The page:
The day remains tinged with sadness. A goodbye to some of the best nurses and humans I’ve ever worked with. And to the memories of so many staff over the years. So much has changed, and so little for the better. We were here to witness the promising start of so many careers, new grads from nursing schools, PA students who went on to join us after graduation, and newly minted attendings in their first wild adventure in the community. I say my goodbyes and have a thin slice of pineapple cake that Mrs. Brenda, our unit secretary, baked; I make it a point to go by the break room and have a few crackers and a thin slice of cheese. The staff, many of whom are new and don’t even know me, have really been amazing in showing love. I pray for their success and for those in the community that deserve more than we were able to give. Resources are finite but medicine demands that we give as much of ourselves as we can. And then more.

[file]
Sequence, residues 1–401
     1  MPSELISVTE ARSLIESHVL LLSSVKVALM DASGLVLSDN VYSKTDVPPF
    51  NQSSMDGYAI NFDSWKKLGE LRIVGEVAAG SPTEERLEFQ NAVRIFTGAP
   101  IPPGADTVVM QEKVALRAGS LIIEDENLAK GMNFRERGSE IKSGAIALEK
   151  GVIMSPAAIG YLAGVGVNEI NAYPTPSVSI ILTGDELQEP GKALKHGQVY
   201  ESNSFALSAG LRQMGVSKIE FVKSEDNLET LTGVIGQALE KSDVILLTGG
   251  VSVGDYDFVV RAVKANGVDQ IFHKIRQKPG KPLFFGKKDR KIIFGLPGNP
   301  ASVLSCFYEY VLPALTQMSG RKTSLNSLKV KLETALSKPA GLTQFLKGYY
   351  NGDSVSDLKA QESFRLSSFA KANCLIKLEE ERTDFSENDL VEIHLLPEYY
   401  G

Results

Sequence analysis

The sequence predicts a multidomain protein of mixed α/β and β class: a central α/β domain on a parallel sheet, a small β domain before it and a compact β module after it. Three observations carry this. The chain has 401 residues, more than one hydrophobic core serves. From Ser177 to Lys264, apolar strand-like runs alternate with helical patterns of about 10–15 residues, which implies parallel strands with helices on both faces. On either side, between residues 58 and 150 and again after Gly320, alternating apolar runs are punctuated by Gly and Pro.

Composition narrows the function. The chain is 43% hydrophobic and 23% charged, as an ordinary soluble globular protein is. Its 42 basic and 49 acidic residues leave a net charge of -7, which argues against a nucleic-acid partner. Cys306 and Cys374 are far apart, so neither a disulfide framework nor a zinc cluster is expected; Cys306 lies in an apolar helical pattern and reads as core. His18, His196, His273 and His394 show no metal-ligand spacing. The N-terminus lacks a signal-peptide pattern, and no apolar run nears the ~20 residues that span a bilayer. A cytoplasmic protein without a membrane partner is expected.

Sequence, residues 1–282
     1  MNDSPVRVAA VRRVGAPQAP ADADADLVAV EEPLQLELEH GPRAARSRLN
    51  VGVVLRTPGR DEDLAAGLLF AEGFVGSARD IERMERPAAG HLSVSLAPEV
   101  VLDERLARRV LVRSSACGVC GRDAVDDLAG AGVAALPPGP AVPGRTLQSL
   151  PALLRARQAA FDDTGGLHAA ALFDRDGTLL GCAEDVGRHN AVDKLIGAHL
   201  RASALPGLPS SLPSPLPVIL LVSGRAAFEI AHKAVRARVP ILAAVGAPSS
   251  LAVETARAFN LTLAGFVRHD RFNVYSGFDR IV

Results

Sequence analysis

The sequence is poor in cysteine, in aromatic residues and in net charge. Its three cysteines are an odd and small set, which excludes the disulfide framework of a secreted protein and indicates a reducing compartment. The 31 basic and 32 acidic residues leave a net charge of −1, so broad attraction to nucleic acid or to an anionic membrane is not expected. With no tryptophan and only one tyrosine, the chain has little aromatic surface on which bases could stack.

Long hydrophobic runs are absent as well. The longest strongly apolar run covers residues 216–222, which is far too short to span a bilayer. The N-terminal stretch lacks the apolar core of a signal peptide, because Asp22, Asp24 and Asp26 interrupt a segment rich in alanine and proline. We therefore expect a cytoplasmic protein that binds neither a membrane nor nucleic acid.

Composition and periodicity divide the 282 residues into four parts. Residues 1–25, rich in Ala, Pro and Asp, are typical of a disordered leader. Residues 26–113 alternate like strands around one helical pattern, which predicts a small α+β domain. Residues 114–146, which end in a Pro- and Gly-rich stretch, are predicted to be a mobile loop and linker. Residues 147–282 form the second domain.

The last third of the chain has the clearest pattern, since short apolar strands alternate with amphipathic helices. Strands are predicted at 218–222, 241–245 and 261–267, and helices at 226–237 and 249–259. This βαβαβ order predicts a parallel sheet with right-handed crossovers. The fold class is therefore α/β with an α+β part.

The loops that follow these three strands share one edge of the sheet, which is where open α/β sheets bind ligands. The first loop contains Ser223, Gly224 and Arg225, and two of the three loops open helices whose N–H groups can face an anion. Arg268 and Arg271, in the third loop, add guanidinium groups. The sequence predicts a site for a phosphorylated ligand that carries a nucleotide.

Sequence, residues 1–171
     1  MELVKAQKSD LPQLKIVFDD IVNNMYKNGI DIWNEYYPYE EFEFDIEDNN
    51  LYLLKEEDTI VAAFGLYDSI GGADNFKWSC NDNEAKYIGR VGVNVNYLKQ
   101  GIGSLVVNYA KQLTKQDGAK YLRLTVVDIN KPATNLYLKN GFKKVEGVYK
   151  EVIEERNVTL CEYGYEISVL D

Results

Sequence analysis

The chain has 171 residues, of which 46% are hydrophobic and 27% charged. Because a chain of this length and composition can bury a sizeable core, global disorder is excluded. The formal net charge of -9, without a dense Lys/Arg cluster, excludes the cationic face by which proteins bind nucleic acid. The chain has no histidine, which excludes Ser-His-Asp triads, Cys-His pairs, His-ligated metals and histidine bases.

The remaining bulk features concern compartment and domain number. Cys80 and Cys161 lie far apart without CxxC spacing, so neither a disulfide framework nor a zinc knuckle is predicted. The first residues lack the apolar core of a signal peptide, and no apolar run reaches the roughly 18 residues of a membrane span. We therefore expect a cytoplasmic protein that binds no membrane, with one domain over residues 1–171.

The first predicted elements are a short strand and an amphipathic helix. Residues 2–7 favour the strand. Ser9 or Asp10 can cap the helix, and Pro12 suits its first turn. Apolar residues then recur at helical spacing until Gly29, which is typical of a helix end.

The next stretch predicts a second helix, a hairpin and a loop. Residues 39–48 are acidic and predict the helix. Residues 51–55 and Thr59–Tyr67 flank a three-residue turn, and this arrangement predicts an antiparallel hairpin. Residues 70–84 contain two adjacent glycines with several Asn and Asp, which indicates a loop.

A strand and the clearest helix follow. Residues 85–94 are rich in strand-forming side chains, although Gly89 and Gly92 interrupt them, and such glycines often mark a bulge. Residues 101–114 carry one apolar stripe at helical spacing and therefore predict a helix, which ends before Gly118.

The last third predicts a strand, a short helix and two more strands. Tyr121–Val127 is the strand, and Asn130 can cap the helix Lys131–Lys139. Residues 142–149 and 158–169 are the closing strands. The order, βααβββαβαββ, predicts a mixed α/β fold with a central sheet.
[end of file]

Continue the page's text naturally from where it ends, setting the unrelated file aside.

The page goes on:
My partner comes on to relieve me, and I offer a weak salute. Working with some of these guys and gals has been one of the proudest moments of my career. I instantly regret the days that I’ve taken for granted. And I’m thankful for all the times they picked up a patient that returned after I saw them earlier. Our stories are forever interwoven.
I grab my bag, return the phone, and walk out of the ED. The mic drop is anti-climactic. There is an irony in walking brusquely past the darkened doors of the administrator’s office. Working on this Monday, Labor Day. I don’t dwell on this further – reminding myself that it is a privilege to be alive, whole, and have had this opportunity to serve.
Yogin Patel is a physician executive.